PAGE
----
Western Australians are embracing Containers for Change at a rapid rate, with more than 10 million containers returned for recycling in just 12 days since the scheme launched on October 1, 2020.
So far Western Australians have made almost 50,000 visits to Containers for Change refund points, cashing in an average 200 beverage containers per visit.
More than $1 million has been paid out to Western Australians participating in the scheme – more than $30,000 of that being donated to community groups and charities via container donations.
The largest date of returns was Saturday October 10, with 1,026,000 containers returned.
Containers for Change has created more than 680 local jobs, with over 40 per cent of positions awarded to people with disability, the long-term unemployed or Aboriginal and Torres Strait Islander people.
Aluminium is the most returned material, making up 56 per cent of returned containers, with glass (22 per cent) and PET (plastic) in third place with 19 per cent.
The scheme is expected to recycle an additional 6.6 billion containers over the next 20 years. Without Containers for Change, it is estimated 5.9 billion of these containers would have ended up in landfill and 706 million would have been littered.
For more information about Containers for Change, visit https://www.containersforchange.com.au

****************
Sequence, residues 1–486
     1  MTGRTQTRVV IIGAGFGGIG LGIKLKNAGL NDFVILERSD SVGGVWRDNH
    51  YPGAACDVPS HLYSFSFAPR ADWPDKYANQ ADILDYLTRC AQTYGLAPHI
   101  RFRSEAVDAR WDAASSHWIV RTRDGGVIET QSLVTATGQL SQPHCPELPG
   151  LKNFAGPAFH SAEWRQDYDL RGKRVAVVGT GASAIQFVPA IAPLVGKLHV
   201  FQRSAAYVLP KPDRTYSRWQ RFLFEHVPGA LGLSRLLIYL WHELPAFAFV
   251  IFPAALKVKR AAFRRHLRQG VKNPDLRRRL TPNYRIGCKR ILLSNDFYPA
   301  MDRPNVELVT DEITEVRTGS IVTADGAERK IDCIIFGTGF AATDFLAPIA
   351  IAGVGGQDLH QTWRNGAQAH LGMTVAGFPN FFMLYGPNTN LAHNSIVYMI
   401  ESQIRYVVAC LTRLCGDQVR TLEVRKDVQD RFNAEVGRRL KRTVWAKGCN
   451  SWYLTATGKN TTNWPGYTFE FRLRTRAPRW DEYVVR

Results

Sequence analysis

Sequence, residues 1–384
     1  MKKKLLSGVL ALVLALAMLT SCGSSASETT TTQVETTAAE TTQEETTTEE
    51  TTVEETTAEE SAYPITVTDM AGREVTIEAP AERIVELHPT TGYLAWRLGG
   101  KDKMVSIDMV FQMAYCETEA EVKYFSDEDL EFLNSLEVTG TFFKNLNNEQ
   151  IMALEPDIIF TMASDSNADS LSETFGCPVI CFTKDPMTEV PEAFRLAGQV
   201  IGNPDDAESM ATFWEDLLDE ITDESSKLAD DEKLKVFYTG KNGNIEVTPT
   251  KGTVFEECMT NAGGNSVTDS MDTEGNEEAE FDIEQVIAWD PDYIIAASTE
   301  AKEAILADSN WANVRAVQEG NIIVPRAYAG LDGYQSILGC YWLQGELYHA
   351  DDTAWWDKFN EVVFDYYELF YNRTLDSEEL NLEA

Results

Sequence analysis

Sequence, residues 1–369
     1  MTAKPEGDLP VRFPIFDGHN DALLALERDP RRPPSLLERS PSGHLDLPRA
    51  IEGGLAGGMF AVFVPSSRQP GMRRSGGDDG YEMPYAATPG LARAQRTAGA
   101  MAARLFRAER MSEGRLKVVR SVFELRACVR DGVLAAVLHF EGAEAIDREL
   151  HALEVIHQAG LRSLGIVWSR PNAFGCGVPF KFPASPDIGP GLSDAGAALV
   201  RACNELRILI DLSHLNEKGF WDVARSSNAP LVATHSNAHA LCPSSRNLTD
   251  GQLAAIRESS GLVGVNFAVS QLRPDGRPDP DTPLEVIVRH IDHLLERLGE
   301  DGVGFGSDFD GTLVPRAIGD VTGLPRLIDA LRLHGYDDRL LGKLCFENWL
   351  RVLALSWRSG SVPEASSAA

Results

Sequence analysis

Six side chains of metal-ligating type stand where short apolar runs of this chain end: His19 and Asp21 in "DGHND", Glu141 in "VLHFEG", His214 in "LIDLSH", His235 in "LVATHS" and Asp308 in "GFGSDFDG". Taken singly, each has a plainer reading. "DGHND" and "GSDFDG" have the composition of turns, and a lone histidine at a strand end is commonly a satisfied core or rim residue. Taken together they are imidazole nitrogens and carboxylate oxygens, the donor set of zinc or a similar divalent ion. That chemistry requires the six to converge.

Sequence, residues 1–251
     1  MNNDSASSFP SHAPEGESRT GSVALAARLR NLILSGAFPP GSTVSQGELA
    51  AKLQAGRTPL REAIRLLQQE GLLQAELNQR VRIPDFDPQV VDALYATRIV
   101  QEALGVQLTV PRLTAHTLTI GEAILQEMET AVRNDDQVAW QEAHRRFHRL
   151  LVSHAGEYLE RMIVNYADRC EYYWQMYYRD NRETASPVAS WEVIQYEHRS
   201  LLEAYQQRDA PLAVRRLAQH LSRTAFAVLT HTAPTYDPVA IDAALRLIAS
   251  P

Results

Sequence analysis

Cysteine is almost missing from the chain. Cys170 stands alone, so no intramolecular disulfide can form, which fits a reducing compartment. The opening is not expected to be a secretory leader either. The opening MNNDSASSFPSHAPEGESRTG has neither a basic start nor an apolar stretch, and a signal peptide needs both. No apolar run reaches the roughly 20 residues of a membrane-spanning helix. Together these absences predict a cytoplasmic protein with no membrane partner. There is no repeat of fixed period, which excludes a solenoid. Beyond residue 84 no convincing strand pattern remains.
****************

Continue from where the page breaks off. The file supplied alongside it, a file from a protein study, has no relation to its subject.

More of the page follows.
As stated by Environment Minister Stephen Dawson:
“To the people of Western Australia, I say ‘thank you’ 10 million times – once for each container you have returned for recycling. Every container returned means one more that is recycled, reducing litter, reducing landfill, and contributing to a more sustainable environment.
“The rapid rate in which Containers for Change has been embraced by WA reflects the commitment people are willing to make to recycling and helping our environment. Ninety-seven per cent of Western Australians wanted this scheme and it’s great to see so many using it so quickly.
“The flow-on effect from Containers for Change is the real reward – a cleaner environment, jobs for more than 680 people, some change in pockets, and a much-needed funding boost for dozens of hard-working community groups, social enterprises and charities.”